With a million and one black metal bands already performing in the traditional Norse schematic, it takes a particular level of added, grisly character to stand forth and be counted among the crowd. This is a feat Saligia manages with ease, thanks to the decrepit technique used by vocalist 'Ghastly', who has an uncouth, shaky depth to his groans and howls that is comparable to but a few of his precursors. Think of a hybrid of Attila Csihar and a touch of Varg Vikernes (in the occasional high pitched scream), and you'll be in the appropriate ballpark. But Sïc Transit Glöria Mundï reinforces this horrific personality with an array of solid, menacing riffs, regardless of just how familiar and traditional they seem.
A few of these tracks were released as a demo of the same title last year, but they return with a rich, hostile and cavernous atmosphere driven largely by the broad guitar tone and steady, natural feel of the drums (provided by Malach Andonai of fellow Norwegians Dodsengel). The vocals are absorbing throughout, and each song takes it upon itself to incorporate at least one simple, subtle guitar riff to die for. In "Sar Ha-Olam", for example, the curiously warm and descending melody just before the 1:30 mark. In "Womb Caverns", the deep, fibrous bridge rhythm at around 4:30. In "Shed Old Skin", the searing higher melodic chords that carve into the verses. Despite the presence of some pedantic, samey blast beats that often inaugurate the individual cuts, each chokes up a froth of darkness and momentum that quickly becomes a pleasure to experience repeatedly.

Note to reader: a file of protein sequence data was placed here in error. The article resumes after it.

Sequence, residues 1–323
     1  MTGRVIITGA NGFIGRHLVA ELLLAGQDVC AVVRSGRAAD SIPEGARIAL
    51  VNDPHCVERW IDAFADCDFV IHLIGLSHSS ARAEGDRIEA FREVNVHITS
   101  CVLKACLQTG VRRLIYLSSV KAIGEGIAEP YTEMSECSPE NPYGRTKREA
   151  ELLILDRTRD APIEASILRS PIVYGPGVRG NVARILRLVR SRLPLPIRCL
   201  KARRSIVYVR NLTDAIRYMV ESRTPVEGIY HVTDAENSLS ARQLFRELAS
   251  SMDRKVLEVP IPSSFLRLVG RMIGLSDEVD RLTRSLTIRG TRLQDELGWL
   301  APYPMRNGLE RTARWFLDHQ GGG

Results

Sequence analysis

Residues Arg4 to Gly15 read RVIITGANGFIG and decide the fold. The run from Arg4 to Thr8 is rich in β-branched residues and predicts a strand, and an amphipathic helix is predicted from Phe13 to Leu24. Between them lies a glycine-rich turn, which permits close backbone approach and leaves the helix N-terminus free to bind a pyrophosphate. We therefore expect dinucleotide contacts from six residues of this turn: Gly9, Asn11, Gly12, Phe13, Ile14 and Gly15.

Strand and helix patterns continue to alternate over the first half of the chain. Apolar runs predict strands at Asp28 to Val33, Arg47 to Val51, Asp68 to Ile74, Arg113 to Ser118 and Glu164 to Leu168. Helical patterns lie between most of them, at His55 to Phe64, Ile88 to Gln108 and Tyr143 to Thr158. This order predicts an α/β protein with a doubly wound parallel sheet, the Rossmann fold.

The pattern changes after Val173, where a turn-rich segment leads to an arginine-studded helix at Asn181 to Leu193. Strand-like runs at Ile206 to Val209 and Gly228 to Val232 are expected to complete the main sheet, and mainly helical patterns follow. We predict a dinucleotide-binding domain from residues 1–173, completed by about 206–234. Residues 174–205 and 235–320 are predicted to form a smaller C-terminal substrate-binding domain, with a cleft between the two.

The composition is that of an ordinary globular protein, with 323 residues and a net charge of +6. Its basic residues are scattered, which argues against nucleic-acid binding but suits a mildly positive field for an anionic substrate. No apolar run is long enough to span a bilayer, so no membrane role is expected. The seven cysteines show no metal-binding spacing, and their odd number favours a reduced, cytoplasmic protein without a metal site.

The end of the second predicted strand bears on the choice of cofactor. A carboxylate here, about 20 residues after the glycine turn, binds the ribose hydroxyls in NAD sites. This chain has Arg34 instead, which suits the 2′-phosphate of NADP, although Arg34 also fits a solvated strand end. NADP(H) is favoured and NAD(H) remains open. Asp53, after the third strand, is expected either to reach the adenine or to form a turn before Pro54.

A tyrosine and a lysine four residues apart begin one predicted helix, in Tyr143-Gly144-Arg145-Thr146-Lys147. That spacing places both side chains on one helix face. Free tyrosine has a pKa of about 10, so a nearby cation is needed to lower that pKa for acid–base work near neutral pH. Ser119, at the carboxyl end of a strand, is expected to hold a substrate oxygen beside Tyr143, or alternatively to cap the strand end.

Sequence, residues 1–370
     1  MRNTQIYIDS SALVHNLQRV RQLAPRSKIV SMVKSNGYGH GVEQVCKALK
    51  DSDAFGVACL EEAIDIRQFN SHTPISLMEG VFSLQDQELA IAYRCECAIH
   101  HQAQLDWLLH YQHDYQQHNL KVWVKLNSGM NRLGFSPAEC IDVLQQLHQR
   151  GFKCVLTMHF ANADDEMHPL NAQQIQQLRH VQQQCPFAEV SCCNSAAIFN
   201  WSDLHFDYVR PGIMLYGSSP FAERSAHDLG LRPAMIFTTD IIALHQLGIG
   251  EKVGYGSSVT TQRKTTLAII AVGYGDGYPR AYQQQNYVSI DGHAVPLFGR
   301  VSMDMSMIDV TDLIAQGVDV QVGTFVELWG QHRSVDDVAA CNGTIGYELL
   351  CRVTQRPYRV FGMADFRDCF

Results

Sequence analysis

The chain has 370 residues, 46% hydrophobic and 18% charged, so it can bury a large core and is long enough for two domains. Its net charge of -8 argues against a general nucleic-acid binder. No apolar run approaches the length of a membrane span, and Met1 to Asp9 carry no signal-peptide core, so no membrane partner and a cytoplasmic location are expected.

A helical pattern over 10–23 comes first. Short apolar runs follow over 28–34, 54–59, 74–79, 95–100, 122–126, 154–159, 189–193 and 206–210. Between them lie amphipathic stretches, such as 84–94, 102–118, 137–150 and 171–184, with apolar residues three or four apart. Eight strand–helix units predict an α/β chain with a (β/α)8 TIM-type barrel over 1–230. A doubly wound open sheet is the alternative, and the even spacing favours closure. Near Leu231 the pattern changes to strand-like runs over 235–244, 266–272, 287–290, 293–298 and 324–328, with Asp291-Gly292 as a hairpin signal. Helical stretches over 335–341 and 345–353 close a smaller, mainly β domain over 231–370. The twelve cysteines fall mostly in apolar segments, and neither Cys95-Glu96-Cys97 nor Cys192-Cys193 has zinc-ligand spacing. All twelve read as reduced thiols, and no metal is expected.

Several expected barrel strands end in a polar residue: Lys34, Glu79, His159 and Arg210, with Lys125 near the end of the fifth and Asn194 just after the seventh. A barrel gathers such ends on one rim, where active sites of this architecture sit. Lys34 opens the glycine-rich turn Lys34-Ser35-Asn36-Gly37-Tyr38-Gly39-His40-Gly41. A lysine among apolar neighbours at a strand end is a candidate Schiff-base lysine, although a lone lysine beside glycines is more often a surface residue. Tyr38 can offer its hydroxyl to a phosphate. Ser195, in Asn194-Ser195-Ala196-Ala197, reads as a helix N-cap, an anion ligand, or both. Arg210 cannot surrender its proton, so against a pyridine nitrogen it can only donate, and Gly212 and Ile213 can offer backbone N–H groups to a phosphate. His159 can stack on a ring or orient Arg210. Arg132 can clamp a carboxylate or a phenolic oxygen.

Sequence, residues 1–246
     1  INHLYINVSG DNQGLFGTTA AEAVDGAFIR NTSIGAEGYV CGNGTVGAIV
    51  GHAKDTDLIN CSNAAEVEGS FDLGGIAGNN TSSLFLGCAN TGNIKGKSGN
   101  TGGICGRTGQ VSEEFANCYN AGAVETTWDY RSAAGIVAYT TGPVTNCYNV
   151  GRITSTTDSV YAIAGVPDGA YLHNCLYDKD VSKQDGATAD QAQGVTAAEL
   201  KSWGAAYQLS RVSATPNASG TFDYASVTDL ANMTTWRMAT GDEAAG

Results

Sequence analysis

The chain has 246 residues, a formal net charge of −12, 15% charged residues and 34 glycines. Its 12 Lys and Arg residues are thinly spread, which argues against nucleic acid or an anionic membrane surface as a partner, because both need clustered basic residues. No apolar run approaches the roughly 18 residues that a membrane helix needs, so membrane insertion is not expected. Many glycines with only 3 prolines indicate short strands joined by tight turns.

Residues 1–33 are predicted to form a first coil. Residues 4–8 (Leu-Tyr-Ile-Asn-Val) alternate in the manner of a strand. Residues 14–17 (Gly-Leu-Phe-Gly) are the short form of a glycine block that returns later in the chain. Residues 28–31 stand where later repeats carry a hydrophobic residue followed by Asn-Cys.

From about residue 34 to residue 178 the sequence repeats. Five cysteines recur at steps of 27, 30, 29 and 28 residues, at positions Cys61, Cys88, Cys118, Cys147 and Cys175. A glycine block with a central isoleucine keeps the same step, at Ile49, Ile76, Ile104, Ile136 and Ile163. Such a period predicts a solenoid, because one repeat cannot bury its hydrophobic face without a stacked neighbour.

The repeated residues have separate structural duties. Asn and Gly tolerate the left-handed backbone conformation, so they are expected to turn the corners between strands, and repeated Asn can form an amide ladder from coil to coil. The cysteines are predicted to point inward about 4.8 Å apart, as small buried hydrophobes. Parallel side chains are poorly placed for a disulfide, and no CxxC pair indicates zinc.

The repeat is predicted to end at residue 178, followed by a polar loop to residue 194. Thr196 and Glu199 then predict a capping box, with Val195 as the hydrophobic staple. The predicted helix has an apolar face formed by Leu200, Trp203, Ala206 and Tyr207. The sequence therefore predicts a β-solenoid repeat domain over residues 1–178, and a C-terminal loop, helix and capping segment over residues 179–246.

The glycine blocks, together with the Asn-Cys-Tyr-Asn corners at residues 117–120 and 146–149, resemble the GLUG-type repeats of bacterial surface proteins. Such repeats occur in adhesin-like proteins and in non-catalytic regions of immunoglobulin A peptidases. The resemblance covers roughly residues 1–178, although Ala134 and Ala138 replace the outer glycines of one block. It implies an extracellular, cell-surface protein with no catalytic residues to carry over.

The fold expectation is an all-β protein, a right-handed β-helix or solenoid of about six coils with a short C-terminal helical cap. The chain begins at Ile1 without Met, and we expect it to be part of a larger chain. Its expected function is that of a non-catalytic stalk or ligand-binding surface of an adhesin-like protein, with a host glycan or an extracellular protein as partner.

Despite the fact that it's crude aesthetics are the diametric opposite of what most of the old guard are creating today through their second or third decades of progression, Sïc Transit Glöria Mundï is one of the better Norwegian black metal albums I've experienced of late, a solid and thuggish hammering which casts the flesh of its listener into the inevitable Pit of damnation. A good, solid tone goes such a long way towards transforming its primitive landscape into a work of emotional bruises and wrenching inspiration, and Saligia is really all the proof we need that the underlying principles of the genre can still be applied with a fresh coat of blood and viscera. It's not over until it's over, and apparently for Norway's sinister underbelly, that time has not yet arrived. Enjoy, and please kill yourself when it's over.
Verdict: Win [8/10]